i. Internet infrastructure enables large-scale sharing of computational and storage resources, thus leading to the implementation of the decades-old idea of utility computing.
Thus, once you have understood what e-commerce it is will be lot easier to explain how to be successful in it. Here are the following steps you can take to be successful in running e-commerce business:
1. Do not rush the launch: One of the biggest mistakes unsuccessful ecommerce entrepreneurs make is forcing or rushing the launch of a website. You only get one shot at launching your website and you cannot mess this up. While it’s okay to purchase your domain name and throw up some sort of “Coming Soon” page, you should avoid the big reveal until you’ve laid some substantial ground work (SEO, content marketing, social media, paid advertising, etc.).
2. Put the focus on the user: It’s no secret that the biggest shortcoming of ecommerce businesses is the inability to let their customers touch, feel, smell, and see (first-hand) products before making a decision. While there is currently no solution for solving this problem, you can compensate for this deficiency in other areas of the business. Some of the best tips include offering appropriate pricing, giving free shipping, and making the checkout process easy with simplified shopping carts.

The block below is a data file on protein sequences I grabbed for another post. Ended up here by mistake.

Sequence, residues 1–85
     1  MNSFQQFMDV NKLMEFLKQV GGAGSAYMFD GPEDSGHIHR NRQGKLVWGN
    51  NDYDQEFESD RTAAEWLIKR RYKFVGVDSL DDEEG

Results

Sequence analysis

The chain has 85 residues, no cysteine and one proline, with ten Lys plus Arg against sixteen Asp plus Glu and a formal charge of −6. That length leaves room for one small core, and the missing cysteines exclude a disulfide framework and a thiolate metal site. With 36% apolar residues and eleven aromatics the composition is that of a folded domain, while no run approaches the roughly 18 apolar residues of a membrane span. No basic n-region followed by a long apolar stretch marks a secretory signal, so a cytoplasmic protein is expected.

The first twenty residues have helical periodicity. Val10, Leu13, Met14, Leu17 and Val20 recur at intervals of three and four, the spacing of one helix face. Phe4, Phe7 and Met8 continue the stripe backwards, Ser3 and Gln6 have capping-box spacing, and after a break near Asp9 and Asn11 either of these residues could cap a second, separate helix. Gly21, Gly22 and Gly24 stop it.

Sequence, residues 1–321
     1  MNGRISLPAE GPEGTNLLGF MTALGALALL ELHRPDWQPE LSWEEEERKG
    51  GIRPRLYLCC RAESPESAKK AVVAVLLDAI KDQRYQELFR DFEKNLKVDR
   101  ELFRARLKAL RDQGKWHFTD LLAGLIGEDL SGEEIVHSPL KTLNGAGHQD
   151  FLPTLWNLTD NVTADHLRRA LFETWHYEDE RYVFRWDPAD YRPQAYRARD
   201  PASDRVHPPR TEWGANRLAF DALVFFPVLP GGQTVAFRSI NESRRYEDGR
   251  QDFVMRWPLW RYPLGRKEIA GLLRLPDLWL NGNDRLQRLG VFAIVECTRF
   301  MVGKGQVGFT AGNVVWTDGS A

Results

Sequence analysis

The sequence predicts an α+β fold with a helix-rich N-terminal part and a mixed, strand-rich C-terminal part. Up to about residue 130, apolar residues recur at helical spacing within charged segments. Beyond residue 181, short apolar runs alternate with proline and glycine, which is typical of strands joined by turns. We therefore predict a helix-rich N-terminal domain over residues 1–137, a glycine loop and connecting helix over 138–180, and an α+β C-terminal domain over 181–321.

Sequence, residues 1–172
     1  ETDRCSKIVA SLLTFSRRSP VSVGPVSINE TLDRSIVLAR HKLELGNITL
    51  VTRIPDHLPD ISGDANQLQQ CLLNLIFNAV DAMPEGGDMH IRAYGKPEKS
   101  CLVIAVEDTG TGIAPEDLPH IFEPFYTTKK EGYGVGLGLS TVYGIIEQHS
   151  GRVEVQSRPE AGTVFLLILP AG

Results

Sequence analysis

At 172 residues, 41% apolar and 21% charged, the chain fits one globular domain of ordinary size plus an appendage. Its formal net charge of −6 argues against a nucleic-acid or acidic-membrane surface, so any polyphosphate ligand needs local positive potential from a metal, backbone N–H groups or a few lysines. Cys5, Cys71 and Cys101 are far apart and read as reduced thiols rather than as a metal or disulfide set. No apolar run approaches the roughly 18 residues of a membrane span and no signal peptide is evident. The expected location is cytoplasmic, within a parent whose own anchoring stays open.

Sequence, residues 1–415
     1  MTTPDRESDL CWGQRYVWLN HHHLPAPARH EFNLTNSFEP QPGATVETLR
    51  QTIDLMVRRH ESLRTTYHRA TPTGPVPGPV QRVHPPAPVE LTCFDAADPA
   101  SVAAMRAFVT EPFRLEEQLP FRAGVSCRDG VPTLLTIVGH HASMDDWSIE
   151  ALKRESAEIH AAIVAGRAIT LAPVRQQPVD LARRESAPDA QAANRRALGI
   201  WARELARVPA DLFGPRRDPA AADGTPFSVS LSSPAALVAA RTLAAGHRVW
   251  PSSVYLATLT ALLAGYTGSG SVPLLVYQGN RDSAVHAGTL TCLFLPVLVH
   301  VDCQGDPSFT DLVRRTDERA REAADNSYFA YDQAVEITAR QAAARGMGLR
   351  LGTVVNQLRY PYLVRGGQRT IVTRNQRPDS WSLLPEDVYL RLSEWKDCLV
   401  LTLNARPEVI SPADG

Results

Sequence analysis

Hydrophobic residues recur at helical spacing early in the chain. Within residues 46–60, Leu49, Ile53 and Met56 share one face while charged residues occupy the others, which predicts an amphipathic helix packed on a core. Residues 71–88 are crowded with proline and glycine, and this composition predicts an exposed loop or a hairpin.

3. Test absolutely everything: Before, during and after you launch any ecommerce business, you should invest in testing and analytics. Think like the customer and figure out what is working, what is not, and the why behind those answers.
4. Work closely with social: Any ecommerce entrepreneur that tells you he outsources social media or delegates it to other team members is crazy. Social media is the heartbeat of your business, as it gives you an uninterrupted glance into the lives of your customers. While it is perfectly fine to have a social-media manager, it’s pertinent that you’re involved with it, too.
5. Incorporate social elements: Going along with the previous tip, it is a great idea to include social elements on your ecommerce sites. Things like product reviews and testimonials follow buttons and even social login options all help the conversion funnel.
6. Go mobile: Bill Siwicki of Internet Retailer references Goldman Sachs, saying, “Tablets will play an increasingly important role as worldwide consumer spending via mobile jumps from $204 billion in 2014 to $626 billion in 2018” If you aren’t building ecommerce businesses with mobile in mind, you may be irrelevant in three to five years.
7. Stay on top of SEO: As the ecommerce economy experiences rapid growth, more and more businesses will be entering this increasingly crowded space. That means it will be more important than ever to stay on top of SEO in order to stand out from the competition. Connecting with a skilled SEO will help you stay competitive in the long run.
8. Collect information: Unless you plan on launching a single site and stepping away (most entrepreneurs are tempted to keep trying), it’s critical that you collect customer information and build databases to aid future launches.
9. Continue evolving: Finally, never stop evolving. Technology, trends, and customer tastes will change, and so must you if you want to succeed in such a variable market.
Besides if you do have any questions give me a call: https://clarity.fm/joy-brotonath